Animal Parasites? What are they?
Animal parasites can affect their host organism in a number of ways. Fist and foremost, parasites are likely to cause some type of physical trauma to the animal due to their migration within the body. Tissue destruction, tissue displacement, ulceration of the liver, and intestinal wall damage are all possible results of animal parasitic infection. Once in the body, animal parasites generally leach nutrients such as vitamins and essential minerals. This nutrient loss can result in severe vitamin deficiencies, anemia, and weight loss.
Finally, animal parasites excrete toxins in the body that may lead to a number of symptoms such as swelling, heart problems, digestive disorders, blurred vision, joint pain, and sleep problems.
How Are Animal Parasites Transmitted?
Parasites can move from one animal or human to the next via several pathways. The most common method of infection is the consumption of contaminated food or water. Parasites can be transmitted via insect bites, through direct contact with the skin, other animal feces, or water where these organisms are present.
Types of Animal Parasites
Animal parasites are generally allocated into three categories: ectoparasites, endoparasites and hyperparasites.
- Ectoparasites — An ectoparasite lives and feeds on the surface of its host. Ticks, fleas, and lice are examples of animal parasites in this category.
- Endoparasites — An endoparasite lives and feeds inside the body of its host. Roundworms that live in the digestive system, or blood parasites that live in the lymphatic system are two common examples of internal animal parasites.
- Hyperparasite — A hyperparasite is the term used to describe a parasite that resides within another parasite. For example, the larvae of tapeworm can be found in fleas before they are transmitted to animals or humans.
Do Parasites in Animals Affect Humans?
There are roughly four hundred different species of parasites that are known to infect humans. Some of these harmful organisms may live in the human body for months or even years causing no noticeable symptoms.
While others may immediately cause itchy rashes, diarrhea, constipation, nausea, and sleep disturbances. If left undetected, parasites may continue to multiply in the body, ultimately causing symptoms that mimic conditions such as diabetes, irritable bowel syndrome, heart disease and even cancer.
Parasitism is a type of symbiotic relationship between two living animals. Any plant, animal, or organism that is involved in an intimate relationship with another living organism of a different species is said to be in a symbiotic relationship. Here are various types of symbiosis, including phoresis, commensalism, mutualism, predation, and parasitism. In order to understand animal parasites and relationships, it’s important to take a closer look at each of these categories.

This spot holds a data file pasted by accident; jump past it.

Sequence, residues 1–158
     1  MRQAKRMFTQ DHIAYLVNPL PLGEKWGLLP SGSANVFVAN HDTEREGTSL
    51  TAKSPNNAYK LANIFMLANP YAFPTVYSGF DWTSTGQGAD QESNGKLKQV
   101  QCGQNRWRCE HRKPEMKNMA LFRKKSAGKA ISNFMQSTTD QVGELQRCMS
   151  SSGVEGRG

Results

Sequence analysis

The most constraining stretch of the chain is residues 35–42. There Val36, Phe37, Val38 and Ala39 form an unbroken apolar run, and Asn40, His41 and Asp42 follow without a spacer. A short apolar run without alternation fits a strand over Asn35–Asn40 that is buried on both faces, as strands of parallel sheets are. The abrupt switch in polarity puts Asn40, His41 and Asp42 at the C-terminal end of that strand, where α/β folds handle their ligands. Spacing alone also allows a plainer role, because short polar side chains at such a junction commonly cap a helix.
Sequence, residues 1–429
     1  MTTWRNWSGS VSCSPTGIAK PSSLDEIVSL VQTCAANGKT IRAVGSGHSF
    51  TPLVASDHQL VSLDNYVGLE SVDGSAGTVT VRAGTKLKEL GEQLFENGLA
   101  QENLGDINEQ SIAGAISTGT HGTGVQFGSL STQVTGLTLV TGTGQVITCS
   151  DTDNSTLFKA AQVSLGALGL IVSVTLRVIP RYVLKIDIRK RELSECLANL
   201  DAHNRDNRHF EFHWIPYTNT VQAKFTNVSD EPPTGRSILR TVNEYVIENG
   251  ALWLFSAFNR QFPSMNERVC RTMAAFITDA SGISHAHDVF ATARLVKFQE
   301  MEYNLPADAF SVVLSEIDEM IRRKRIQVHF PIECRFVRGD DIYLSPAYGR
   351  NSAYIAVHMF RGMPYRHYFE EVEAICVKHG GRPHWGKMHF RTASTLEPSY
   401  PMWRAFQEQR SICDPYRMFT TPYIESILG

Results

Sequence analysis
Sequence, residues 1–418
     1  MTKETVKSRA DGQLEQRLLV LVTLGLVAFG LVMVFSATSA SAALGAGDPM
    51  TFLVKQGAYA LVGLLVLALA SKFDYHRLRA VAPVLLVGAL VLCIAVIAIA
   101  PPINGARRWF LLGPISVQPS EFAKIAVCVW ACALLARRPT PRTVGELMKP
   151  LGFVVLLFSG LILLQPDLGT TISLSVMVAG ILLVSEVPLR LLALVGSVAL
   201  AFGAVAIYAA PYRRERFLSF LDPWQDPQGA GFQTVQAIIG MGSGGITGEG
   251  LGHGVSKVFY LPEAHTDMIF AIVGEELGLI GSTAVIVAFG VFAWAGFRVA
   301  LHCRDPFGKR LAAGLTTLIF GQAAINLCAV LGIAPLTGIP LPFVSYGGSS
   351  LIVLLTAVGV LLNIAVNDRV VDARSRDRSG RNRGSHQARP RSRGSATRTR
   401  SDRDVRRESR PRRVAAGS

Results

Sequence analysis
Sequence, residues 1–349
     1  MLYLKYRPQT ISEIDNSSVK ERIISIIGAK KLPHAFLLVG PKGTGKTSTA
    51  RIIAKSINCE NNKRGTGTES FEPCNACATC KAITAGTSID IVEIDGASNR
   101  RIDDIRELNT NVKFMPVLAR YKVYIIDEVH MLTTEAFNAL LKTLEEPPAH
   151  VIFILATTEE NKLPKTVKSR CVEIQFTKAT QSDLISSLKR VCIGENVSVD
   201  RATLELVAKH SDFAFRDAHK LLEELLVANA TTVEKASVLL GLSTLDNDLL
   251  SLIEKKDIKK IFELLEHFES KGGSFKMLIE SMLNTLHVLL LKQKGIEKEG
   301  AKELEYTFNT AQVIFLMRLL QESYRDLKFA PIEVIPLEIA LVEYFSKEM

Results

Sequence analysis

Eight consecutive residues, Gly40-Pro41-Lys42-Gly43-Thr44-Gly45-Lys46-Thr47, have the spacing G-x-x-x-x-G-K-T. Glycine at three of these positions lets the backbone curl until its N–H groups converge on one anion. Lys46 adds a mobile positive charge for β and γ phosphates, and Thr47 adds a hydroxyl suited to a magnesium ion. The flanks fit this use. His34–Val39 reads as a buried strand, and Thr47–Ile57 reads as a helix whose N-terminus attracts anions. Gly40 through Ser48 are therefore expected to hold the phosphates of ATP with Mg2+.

- Phoresis — This type of animal relationship is said to occur when one organism relies on another to be physically carried from one destination to the next. For example, a bacteria, fungus, or eggs may need to be carried by a larger organism.
- Commensalism — A commensal animal relationship benefits one partner without affecting the other. It is very important that the other organism is neither helped nor harmed. This type of relationship is very unusual and may not even actually exist in nature. One possible example is the relationship between remoras and sharks.
- Mutualism — A mutualistic animal relationship occurs when both partners depend upon one another for their mutual benefit. This type of relationship is found often in nature, such as algae and fungus that work together to form lichen, and bacteria that are present in the gut to aid in digestion.
- Predation — In a predatory animal relationship, one member of the pair benefits, while the other is harmed and usually eaten. There are numerous examples of predatory relationships that exist in nature, such as bears and fish, or birds and worms.
- Parasitism — A parasitic relationship describes the relationship that exists when one organism, called the parasite, lives in or on another organism, called the host, at the expense of the host. Parasites can be found throughout nature living in animal, plant, and human hosts. Parasitism is noted as the most successful way to live in nature. In fact, more than eighty percent of all species of organisms are parasites. Parasitology is the study of the relationship between a parasite and its host.
How to Prevent Animal Parasites
The best way to treat parasites is to make sure they never enter the animal in the first place. Grooming and proper hygiene are very important in halting the transmission of animal parasites. Be sure to wash the animal, bedding, and your hands frequently especially before eating, and after using the toilet.
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